While the exact pricing models vary between providers, IaaS is almost always more cost-effective than maintaining your own infrastructure.
If you’ve already been shopping for IaaS platforms, you’ve probably come across one of these popular examples.
One of the earliest IaaS providers, Amazon Elastic Compute Cloud (EC2), offers scalable cloud infrastructure supported by over 77 data centers worldwide.
What makes Amazon EC2 an IaaS is that it provides “bare-bones” infrastructure in the cloud.
In other words, virtual server space without an operating system, software, and so on. This allows users to use and compare operating systems of their choice, and even launch multiple instances of virtual machines.
Google Compute Engine
Just like Amazon EC2, Google Compute Engine provides server space for launching virtual servers and other infrastructure in the cloud.
Like any other IaaS service, Google Compute Engine allows users to use their own operating systems and software to run virtual machines on Google’s infrastructure. Again, the service is “bare-bones” hardware in the cloud that users can customize to their needs.
Advantages and Limitations
IaaS provides unparalleled flexibility and scalability when it comes to setting up infrastructure. However, that doesn’t mean it’s always the right choice — nor are flexibility or scalability always the most important factors in every situation.
- Lower cost: IaaS presents many areas for cost savings. The biggest of these savings is the eliminated overhead of purchasing and maintaining physical infrastructure.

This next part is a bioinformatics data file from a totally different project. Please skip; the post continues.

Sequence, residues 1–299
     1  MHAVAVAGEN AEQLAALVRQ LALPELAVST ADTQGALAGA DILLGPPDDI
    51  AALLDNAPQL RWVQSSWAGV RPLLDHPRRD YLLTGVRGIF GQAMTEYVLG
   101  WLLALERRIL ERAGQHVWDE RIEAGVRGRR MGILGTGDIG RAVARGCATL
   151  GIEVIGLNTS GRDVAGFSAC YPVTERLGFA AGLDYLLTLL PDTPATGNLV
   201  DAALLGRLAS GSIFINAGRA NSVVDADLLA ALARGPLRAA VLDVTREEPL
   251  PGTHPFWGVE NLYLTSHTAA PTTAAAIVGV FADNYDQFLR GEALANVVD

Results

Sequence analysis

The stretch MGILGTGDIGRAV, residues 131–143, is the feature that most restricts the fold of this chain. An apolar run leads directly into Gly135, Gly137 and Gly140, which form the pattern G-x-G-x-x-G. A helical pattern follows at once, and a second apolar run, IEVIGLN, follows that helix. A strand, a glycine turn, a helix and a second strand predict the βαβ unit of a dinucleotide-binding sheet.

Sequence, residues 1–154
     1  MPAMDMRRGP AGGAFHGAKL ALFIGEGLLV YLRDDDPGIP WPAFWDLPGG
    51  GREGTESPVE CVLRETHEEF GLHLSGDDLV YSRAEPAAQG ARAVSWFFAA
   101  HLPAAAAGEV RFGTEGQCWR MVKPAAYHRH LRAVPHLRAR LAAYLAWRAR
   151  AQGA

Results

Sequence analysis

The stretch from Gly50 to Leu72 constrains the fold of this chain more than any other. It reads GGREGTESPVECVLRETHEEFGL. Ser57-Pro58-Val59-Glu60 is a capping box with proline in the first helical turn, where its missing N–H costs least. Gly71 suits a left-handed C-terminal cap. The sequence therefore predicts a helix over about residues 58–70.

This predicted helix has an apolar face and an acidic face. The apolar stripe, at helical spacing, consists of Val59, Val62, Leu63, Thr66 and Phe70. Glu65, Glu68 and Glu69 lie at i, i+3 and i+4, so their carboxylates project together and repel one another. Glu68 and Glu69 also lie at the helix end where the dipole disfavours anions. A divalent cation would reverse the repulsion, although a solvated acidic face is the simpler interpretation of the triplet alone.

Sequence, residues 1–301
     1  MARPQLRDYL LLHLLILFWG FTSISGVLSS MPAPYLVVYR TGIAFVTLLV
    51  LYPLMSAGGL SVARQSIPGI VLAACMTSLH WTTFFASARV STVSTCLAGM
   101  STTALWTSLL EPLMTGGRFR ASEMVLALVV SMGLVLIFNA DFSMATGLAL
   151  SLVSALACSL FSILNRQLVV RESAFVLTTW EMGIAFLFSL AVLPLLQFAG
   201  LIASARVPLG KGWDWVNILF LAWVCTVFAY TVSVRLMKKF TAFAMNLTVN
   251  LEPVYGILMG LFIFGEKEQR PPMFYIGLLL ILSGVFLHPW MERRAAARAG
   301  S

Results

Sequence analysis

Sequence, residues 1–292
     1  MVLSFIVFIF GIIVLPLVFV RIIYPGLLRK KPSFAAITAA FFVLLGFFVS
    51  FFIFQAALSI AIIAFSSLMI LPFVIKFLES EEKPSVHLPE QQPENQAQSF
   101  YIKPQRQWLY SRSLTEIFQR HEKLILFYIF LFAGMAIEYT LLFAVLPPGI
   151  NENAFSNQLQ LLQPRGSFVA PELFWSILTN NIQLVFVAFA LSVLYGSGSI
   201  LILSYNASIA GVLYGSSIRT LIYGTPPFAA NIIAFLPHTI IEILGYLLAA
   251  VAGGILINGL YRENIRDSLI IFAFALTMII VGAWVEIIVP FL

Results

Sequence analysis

For example, where a high-performance server rack might cost thousands of dollars between equipment and maintenance, IaaS has been shown to reduce IT costs by up to 79% over five years. Combined with additional savings when scaling, IaaS is often the savior of many IT budgets.
- Less maintenance: No matter how reliable, servers require ongoing maintenance to guarantee the right performance and adequate security. Though necessary, this maintenance is also very expensive, often requiring entire IT teams to manage the infrastructure.
Between routine maintenance, troubleshooting, and administration, in-house infrastructure can be a massive money sink. By contrast, using an IaaS cuts nearly all of these tasks by replacing all maintenance teams with the IaaS provider.
This benefit is especially impactful for companies that need to follow security mandates. Where maintaining in-house infrastructure might require countless hours of audits and compliance procedures, some IaaS providers handle all of this for you.
- More accessible: With server administration and maintenance now in the form of intuitive dashboards and APIs, you no longer need (or need to be) an IT expert to manage your infrastructure.
- Easy to scale: Whether scaling up or down, an IaaS will always provide you with exactly what you need — even if those needs regularly change. You can also replace and change existing solutions without losing money on hardware investments or time-consuming transitions.
- New security risks: Moving your infrastructure from on-site to the cloud opens some new vectors of cyberattacks. While most well-established providers have excellent cloud security, organizations should still research and track these new security threats. Since a breach of the provider’s server is out of your control, it’s especially important to establish disaster recovery and remediation strategies.
- Incompatibility with legacy systems: While most IaaS services offer a wide range of compatibility, support for legacy software is sometimes a hit or a miss. Always make sure your chosen IaaS provider can support your stack before making the switch!
- Training hurdles: Switching to a new system always comes with a learning curve. Switching to an IaaS platform means you’ll need to invest time and money in staff training.
What Is PaaS?
Where IaaS only provides virtual hardware, platform as a service (PaaS) also provides software and frameworks for building apps in the cloud.
Though it might help to think of PaaS as a more comprehensive version of IaaS, it can equally be considered a different flavor of SaaS – and both assumptions would be correct.